Although they deny having added starch, they admit that their product now contains more carbohydrates than before. From our understanding of their reply, it seems that they have found a way to grind and reduce the pulp completely so that more of it is incorporated into the coconut milk. Because there is more pulp (i.e., carbohydrates), when the creamier-looking stuff on the top of the can is heated, there is little fat to be separated and that’s why you can’t see oil floating on top as you used to for frying your curry paste. At the same time, the milk thickens with the pulp acting like starch. Their reply also explains why their product looks more emulsified and why you won’t see thick coagulated cream as in the past on cold days or when the cans are refrigerated to make it easier to separate the cream in making dishes like haw moek.

Aroy-D

Aroy-D coconut milk

Thais do like to see a thin layer of oil floating on the top of their curries. It gives color to the dish instead of the pale whitish color of opaque coconut milk. Nowadays, to accomplish this and to help fry the curry paste to a tastier result, I recommend my students to buy and use pure coconut oil to fry curry pastes when they are making curries. Using other oils will add an oiler and often incompatible taste.

Although Chaokoh is now more or less low-fat, it still has good flavor. A good test of its superior flavor is when we used it to make coconut sorbet. It’s still creamy and has delicious coconut flavor. It does, however, contain a preservative.

For people who wish to stay away from preservatives, a readily available Thai brand is Aroy-D. It has fairly good coconut flavor, though when compared side-by-side with Chaokoh, it tastes a little bland and has less of the natural sweetness of fresh coconut milk. Some of this weakness can be balanced during cooking with the addition of palm sugar. Aroy-D has a new product: a 19 oz.-size can labelled as “Coconut Cream” with only coconut and water as the ingredients. It’s the only product labelled as “Coconut Cream” that I recommend. All the other brands labelled as coconut cream has a strong unnatural flavor from processing or from emulsifiers like guar gum added.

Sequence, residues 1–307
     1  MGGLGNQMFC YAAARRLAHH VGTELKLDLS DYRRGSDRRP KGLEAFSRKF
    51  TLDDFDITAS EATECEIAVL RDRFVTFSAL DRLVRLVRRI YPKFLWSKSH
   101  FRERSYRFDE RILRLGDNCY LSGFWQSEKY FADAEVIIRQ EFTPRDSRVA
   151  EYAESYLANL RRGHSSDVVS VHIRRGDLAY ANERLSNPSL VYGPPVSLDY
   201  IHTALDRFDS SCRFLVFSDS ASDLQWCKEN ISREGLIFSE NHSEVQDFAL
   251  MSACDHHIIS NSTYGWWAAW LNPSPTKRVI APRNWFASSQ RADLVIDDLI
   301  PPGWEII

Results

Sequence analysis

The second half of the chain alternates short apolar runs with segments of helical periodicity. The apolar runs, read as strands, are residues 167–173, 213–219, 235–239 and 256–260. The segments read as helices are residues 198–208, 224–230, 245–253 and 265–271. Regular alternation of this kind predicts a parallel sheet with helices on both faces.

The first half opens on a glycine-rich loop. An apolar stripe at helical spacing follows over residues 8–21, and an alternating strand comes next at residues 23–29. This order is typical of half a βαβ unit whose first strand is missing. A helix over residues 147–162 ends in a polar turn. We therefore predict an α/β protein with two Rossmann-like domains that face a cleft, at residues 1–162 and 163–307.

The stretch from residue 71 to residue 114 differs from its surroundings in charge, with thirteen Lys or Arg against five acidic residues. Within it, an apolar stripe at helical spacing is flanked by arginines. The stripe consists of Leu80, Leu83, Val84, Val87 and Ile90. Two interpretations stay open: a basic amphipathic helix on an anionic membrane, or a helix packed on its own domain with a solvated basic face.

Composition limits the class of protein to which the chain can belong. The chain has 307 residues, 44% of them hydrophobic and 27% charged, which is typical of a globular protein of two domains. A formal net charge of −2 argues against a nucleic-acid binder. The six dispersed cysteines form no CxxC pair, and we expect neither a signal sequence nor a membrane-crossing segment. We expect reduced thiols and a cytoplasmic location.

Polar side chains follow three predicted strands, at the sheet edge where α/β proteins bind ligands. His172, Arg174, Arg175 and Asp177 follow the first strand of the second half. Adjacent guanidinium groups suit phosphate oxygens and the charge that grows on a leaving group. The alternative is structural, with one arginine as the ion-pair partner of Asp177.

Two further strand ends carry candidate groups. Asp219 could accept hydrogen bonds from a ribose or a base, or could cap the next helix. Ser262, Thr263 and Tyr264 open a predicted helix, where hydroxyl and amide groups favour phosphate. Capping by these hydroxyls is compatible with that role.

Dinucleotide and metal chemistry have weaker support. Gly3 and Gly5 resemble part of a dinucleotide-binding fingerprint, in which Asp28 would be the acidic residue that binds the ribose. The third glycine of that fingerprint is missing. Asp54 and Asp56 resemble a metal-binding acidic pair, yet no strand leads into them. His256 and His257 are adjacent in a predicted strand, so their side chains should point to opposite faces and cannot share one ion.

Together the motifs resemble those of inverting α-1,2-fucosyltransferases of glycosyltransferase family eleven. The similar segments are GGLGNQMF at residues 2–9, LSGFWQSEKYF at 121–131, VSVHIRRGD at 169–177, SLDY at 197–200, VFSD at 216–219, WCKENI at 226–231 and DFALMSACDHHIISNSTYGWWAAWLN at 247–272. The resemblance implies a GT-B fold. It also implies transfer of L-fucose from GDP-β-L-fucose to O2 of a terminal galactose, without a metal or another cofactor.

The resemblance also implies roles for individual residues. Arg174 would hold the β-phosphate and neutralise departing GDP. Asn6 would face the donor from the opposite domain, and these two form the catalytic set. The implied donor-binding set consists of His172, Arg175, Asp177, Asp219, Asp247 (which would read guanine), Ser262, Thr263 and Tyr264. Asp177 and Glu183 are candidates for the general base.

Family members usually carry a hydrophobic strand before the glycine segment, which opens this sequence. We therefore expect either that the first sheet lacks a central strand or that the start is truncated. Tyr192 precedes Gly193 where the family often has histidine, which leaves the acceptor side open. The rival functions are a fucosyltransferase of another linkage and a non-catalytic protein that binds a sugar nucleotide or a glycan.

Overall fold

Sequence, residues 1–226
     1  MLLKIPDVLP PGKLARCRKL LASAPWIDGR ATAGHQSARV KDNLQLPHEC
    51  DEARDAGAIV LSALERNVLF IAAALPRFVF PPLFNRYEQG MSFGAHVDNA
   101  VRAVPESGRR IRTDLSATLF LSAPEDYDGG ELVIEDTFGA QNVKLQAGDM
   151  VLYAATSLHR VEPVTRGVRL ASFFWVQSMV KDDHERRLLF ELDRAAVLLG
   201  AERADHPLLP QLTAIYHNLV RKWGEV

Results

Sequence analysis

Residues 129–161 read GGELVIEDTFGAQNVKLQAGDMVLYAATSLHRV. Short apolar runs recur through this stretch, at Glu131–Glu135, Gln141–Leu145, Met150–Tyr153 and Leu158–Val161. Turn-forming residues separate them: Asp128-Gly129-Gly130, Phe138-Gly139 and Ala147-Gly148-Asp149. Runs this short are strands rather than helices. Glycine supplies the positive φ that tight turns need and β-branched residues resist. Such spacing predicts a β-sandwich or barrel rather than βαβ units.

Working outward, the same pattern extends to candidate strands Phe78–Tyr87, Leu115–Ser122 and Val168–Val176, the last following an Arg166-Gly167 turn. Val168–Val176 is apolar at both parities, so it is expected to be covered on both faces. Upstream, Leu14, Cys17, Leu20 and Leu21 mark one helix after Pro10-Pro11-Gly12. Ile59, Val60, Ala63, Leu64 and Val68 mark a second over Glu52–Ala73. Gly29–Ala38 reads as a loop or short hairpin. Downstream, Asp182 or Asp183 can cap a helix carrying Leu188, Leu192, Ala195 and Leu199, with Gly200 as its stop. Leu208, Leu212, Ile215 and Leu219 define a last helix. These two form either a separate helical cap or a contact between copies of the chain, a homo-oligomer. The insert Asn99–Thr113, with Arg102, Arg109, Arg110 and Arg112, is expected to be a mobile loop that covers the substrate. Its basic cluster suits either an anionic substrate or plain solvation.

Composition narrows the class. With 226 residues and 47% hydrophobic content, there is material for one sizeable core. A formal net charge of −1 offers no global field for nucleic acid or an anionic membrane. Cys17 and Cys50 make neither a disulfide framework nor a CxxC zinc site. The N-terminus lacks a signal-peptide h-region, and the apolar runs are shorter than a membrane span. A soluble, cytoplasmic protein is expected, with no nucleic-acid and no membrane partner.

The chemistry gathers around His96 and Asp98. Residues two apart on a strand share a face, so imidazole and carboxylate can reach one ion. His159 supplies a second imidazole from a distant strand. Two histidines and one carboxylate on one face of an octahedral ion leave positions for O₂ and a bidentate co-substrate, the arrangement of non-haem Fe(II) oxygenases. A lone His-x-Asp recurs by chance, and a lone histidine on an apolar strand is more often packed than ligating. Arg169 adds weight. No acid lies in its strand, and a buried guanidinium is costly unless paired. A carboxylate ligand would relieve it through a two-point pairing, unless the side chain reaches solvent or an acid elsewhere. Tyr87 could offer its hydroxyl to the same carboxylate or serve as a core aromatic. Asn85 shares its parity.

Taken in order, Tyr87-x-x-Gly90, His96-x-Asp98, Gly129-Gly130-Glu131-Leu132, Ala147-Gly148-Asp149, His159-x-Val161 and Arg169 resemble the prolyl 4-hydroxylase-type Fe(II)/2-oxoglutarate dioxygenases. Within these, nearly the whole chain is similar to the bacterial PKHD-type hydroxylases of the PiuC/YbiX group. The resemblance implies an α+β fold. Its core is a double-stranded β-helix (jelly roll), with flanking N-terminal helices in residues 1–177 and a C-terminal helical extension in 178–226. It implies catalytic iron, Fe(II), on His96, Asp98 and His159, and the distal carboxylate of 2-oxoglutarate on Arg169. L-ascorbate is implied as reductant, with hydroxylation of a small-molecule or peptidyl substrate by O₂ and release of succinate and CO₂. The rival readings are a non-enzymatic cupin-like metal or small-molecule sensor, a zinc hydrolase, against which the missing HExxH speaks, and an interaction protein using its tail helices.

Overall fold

Natural Value

Natural Value coconut milks

In the past, besides Chaokoh and Mae Ploy, we’ve had pretty good luck with the Natural Value label (available locally at Rainbow Foods in SF and Farmer Joe’s in Oakland) for good, rich coconut milk that does not have any preservative or emulsifying additives. Natural Value is the only brand of organic coconut milk that we recommend because it does not contain guar gum: unfortunately most brands of organic coconut milk contain guar gum as an emulsifier. Guar gum ruins the natural flavor of the coconut milk, leaves an unpleasant aftertaste, and does not work well in Thai cooking.

Coconut palms generally grow easily in poor, sandy soil along the coast and do not require much care as far as fertilizing or spraying to control diseases and pests. So most brands of natural-tasting coconut milk are pretty much organic but the plantations may not be “certified organic” for the milk to be labeled as “organic.” There are slightly different processing standards for organic as well.

The Natural Value brand that is not labeled “organic” is just as natural as the “organic” one – both only contain coconut extract and water and list no preservatives or emulsifiers. Natural Value wasn’t able to find a manufacturer in Thailand that produces “organic” coconut milk without guar gum added as emulsifier so their organic coconut milk now coms from the Philippines. Both of their products have  the added advantage of being in BPA-free cans. Both the organic and non-organic products are good, though we have found the organic to be not as rich as their non-organic product  (from Thailand) that can be thick with cream (but this could have changed with the coconut shortage).

Coconuts

Coconuts, too young for milking

Old Coconuts

Matured coconuts are used to make milk

Though prices have stabilized and may have begun to drop a little, it is unlikely that we will see the 69 cents we used to pay for a can of Chaokoh coconut milk a few years ago. The coconut shortage is a long-term problem as new groves have to be planted and time given for the new trees to reach maturity. The good news is the industry has been able to use biological means to control the pest problem instead of resorting to chemical pesticides.


Coconut Articles on Thai Food & Travel

Thai Coconut Shortage, Part 1

Ingredient Information and Use

Preparing and Using Coconuts

Coconuts in Thailand

Coconuts & Health


Written by Kasma Loha-unchit, January 2013

Thai Coconut Shortage, Part 1

Kasma Loha-unchit, Thursday, November 15th, 2012

Coconut Shortage Leads to Higher Prices and Compromised Quality (Part 1)

The price of canned coconut milk has doubled and tripled in the past couple of years, while the quality has changed and not for the better. Though prices have somewhat stabilized and may have even scaled back a little the last few months, it is unlikely that they will return to the same levels as before the spike – at least not in the short term.

Coconut Palm

Coconut palm trees